Serum antidiuretic hormone is elevated in relation to the increase in average total body transepidermal water loss in severe atopic dermatitis

    BRITISH JOURNAL OF DERMATOLOGY, Issue 2 2005
    T. Aoki
    Summary Background, While elevation of antidiuretic hormone (ADH) (arginine vasopressin) levels in the serum has been reported in severe atopic dermatitis (AD), the cause is as yet unexplained. On the other hand, transepidermal water loss (TEWL) is known to increase in the damaged skin due to AD. Objectives, As ADH increases as a result of dehydration of the body, this study examined whether the high ADH level in severe AD is a reaction to the increased water loss through the entire body skin surface area. Methods, Forty-eight patients of different ages and with various degrees of AD along with six age- and sex-matched control persons were the study subjects. Using a quick responsive evaporimeter, an average total body TEWL (ATEWL) value was obtained for each subject. Laboratory tests including ADH, serum lactate dehydrogenase (LDH) and peripheral blood eosinophil count (EOS) were also performed. Clinical severity grading was made globally. The relevancy of this grading was empirically demonstrated by its statistically significant relation to LDH and EOS which are commonly known as appropriate gauges for AD severity. Results, ATEWL was observed to be significantly greater in patients with AD of at least moderate severity than in normal controls, and ADH was significantly greater in patients with severe and very severe AD. Both ATEWL and ADH showed a significant relation to AD severity. Finally, a significant correlation was found between ADH and ATEWL. Conclusions, It is possible that elevated ADH is at least in part a reaction to increased ATEWL. [source]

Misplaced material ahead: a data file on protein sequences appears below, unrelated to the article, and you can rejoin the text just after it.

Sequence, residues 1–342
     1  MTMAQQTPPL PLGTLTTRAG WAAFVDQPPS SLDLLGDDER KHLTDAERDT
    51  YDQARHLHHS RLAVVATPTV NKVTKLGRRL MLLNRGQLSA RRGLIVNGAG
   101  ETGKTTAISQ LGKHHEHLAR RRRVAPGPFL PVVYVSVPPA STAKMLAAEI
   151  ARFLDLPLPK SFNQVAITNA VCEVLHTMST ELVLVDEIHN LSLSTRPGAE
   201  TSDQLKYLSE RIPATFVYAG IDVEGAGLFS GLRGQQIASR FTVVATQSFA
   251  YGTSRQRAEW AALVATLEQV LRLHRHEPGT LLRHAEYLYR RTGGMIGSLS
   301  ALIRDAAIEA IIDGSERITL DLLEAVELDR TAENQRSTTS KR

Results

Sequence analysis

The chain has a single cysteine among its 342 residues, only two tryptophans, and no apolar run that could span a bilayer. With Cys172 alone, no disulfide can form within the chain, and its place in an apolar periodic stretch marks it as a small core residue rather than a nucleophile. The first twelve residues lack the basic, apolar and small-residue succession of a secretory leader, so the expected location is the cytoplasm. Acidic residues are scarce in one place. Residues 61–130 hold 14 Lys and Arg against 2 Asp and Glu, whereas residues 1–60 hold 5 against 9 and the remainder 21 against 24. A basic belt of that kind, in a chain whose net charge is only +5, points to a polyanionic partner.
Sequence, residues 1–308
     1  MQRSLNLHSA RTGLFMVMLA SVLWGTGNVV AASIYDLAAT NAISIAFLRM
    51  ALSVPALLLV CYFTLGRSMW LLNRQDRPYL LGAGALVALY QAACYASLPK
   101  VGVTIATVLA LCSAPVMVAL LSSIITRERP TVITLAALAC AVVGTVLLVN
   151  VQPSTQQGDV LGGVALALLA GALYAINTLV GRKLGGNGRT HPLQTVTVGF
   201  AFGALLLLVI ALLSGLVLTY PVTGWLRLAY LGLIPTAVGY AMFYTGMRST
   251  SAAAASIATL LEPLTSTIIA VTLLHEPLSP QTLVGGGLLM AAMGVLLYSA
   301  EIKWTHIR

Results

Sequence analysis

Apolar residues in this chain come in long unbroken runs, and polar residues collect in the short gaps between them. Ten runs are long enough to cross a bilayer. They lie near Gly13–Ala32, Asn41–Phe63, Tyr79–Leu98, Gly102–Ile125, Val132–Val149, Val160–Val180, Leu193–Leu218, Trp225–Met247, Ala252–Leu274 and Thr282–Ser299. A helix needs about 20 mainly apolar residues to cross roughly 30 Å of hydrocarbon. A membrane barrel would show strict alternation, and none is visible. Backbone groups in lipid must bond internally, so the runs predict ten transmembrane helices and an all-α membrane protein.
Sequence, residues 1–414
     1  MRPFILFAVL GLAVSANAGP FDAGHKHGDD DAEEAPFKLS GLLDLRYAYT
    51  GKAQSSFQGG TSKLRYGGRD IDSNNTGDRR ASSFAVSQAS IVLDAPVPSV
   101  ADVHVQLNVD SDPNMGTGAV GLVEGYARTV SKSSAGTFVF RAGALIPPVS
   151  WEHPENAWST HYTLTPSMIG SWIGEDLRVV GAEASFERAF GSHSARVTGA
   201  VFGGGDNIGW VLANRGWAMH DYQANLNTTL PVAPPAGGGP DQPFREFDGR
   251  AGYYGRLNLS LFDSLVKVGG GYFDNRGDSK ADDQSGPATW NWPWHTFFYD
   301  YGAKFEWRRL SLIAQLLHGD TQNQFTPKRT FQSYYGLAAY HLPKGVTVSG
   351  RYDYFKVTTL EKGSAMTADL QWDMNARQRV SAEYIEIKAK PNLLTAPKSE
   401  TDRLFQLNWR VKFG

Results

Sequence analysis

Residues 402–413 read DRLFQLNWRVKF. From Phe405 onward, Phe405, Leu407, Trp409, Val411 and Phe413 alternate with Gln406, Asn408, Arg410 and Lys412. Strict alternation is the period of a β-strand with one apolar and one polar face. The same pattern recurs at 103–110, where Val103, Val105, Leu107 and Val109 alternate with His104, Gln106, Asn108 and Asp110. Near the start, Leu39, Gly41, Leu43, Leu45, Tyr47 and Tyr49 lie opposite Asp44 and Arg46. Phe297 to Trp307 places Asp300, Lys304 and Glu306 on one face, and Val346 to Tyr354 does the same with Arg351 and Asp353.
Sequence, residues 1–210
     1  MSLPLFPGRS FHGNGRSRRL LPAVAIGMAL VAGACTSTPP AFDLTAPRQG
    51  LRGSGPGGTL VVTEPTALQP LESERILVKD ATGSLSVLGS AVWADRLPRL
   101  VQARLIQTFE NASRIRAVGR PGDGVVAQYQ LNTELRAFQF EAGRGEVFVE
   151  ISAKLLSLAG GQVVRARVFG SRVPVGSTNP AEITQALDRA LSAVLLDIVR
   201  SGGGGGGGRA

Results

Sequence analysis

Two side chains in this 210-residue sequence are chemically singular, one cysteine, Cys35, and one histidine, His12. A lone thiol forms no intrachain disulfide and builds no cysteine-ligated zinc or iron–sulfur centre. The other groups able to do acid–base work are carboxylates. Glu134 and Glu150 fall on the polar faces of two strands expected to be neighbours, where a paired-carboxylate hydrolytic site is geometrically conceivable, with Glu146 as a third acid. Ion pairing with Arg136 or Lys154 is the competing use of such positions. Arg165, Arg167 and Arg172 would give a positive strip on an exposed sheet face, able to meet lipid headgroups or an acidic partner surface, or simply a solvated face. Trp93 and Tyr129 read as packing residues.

The bronchial response to mannitol is attenuated by a previous methacholine test: but not vice versa

    CLINICAL & EXPERIMENTAL ALLERGY, Issue 7 2009
    E. Gade